In 1951 Marilyn Monroe was a starlet, Bobby Orr a baby, Hubert Humphrey a comer—and Willie Mays very nearly the same phenomenon he was last week. In harsh heat and foggy chill, and under the intense scrutiny such a situation demanded, he chased after his 3,000th hit—and seemed to blossom rather than wilt under the pressure. He reached the milestone Saturday at home in San Francisco in the second inning against Montreal, when he stroked an 0-and-2 pitch between short and third. It was hardly an appropriate hit for the occasion, taking everything about Willie Mays into consideration, being neat and solid rather than spectacular and dramatic. But it was No. 3,000—and then he promptly collected No. 3,001, which is really what Willie Mays is all about.
In the stretch run to his latest achievement, marvelous old middle-aged Willie was sprinting all the way. On a six-game tear that carried him to the magic mark, he went 10 for 23 and showed the whole watching world that he could still do it all. In one of those games, Mays ranged past his rightfielder once to make a running catch. He cut off a drive to deep left-center barehanded. He went from first to second on a fly ball in the ninth inning of a game after playing 14 innings (and hitting a ninth-inning homer) the night before. He stole one game with a burst of 11th-inning speed.
Who else is still flashing a verve that dates back to the Korean war? "The only difference between the young Mays and the old Mays," says Montreal Manager Gene Mauch, "is that it's hard for a 39-year-old man to feel up to playing like Willie Mays every day. But when he feels like it—when I see him up at the plate with the lineup card and he has that look, I say, 'oh, bleep.' "
But time, after all, has passed. This year Mays was the oldest man ever elected to a starting All-Star position, and with 20 homers already he stands a good chance of becoming the oldest man ever to hit his age in home runs. ( Babe Ruth hit only 22 at the same stage in life.) It has been 15 years, probably, since Mays last actually said, "Say Hey!" and almost two decades since Leo Durocher listed the five things Mays could do better, all of them put together, than anyone else: run, throw, field, hit and hit with power. Since then, Willie's distinctions have grown more complex. So a new scouting report on the Giants' still-volatile elder statesman seems in order.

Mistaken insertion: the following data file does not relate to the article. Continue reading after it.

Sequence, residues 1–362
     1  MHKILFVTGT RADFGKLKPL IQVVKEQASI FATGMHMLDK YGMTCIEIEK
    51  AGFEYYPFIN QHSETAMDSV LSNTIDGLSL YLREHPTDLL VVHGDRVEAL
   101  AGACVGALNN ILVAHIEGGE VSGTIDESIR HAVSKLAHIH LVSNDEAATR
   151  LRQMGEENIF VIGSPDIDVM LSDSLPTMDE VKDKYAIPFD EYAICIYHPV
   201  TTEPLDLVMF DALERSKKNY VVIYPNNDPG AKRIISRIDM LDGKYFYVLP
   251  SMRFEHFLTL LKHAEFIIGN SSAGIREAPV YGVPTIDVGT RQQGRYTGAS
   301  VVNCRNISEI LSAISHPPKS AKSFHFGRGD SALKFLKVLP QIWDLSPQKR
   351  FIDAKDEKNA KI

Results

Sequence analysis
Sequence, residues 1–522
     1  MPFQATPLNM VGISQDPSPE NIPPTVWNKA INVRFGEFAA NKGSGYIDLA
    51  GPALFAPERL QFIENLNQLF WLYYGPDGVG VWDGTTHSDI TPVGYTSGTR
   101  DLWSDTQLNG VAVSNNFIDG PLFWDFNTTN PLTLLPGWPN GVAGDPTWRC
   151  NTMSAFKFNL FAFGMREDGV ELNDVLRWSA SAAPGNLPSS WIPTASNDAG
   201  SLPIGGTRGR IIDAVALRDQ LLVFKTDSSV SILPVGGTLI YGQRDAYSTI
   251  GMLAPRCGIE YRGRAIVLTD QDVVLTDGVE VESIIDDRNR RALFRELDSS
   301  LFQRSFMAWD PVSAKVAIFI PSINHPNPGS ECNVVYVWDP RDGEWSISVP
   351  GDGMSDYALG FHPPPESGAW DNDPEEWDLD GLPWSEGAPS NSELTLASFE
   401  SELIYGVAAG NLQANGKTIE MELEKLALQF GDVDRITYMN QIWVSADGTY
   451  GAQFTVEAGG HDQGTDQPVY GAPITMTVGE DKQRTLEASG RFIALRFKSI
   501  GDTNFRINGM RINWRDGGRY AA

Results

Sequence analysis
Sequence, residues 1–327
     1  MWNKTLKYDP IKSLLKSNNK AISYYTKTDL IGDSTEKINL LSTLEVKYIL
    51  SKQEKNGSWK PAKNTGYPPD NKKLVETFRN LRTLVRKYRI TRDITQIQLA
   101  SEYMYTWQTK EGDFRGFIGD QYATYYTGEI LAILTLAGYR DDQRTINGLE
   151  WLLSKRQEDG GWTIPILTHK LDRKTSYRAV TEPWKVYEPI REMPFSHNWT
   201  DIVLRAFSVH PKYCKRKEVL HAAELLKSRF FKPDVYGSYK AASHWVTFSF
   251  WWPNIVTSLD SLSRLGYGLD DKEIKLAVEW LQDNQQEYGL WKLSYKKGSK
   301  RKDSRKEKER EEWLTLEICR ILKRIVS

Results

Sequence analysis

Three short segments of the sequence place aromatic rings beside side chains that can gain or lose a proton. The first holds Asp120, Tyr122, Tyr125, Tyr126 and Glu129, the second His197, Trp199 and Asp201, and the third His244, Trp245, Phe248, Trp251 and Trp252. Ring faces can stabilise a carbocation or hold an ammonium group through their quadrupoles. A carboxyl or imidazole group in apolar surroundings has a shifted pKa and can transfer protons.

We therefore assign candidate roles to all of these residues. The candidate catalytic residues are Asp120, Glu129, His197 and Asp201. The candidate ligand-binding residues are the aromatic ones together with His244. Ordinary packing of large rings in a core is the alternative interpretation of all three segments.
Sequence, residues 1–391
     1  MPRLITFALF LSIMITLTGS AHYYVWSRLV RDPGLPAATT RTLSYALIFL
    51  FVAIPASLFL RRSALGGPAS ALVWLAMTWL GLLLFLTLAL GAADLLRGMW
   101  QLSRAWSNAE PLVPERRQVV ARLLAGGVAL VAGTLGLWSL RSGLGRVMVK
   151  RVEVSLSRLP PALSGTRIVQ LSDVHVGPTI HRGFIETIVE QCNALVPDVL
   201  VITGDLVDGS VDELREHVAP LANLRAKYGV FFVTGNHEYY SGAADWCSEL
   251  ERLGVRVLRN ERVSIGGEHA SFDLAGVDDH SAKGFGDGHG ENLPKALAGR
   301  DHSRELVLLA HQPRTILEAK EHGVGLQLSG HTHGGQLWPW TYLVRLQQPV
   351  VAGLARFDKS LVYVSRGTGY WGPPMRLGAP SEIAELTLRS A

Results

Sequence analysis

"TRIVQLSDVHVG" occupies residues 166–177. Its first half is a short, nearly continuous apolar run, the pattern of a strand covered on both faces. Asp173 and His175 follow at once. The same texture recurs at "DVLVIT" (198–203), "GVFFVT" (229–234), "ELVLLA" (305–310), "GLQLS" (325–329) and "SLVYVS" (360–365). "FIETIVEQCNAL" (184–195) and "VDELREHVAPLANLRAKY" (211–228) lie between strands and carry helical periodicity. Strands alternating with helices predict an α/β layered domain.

RUNNING: Mays has stolen only two bases this year, in two attempts. But Giant Outfielder Frank Johnson says, "I've got pretty good speed, but I'm not so sure I could outrun him if he turned it on. The other night he was running on 3 and 2, and it was a wild pitch, and he turned second and I mean he really ran to third. He ran like a sprinter and he slid hard. A lot of guys wouldn't have done that—especially somebody 39. And the way he runs, his feet flying...we were behind third, he was bearing down on us and we jumped up on the bench and said, 'Did you see that?' He does things that just thrill me to death."
THROWING: Mays has a wide variety of throws to choose from, depending on what direction and what posture he is running in when he releases the ball. He comes underarm, sidearm, three-quarter and then he has a sort of hook shot. Says Rightfielder Bobby Bonds, "I don't think Willie knows how strong his arm still is on the days when it isn't hurting and it's especially loose. The other day he threw a strike to the plate from the wall in Cincinnati."
FIELDING: Both Bonds and Ken Henderson, being 24 and fleet, might be considered more appropriate centerfielders than a man almost old enough to be their father. It might also be suspected that Mays is kept in center lest his pride be hurt. The truth is that he is still master of his position. "He gets to balls that I didn't think anybody could reach—that I don't think I could reach," says Bonds. What Mays has lost in speed he makes up for with consummate judgment of trajectories and fences and an encyclopedic knowledge of where to play all of the league's hitters.
HITTING: Mays has always been death on changeups because his reflexes are too good to be fooled. "He looks jerky up there," says Houston ace Larry Dierker. "He bounces around and doesn't look balanced. So you'd think he couldn't hit an off-speed pitch. You throw him one, though, and he jumps forward but his hands stay back—and then boom. He has such reflexes that he can wait until the last moment before he commits his hands." Traditionally Mays has been almost as deadly against curves, sliders and other off-speed pitches. Fastballs have always given him the most trouble.
"Why don't you throw me some breaking stuff?" Mays grumbled to Houston's George Culver the other evening during batting practice. "You throw it to everybody else. Me, just smoke. I thought sure I'd get a slider from you, George, but no. Smoke."
"Hell," replied Culver, "you hit it 390 feet."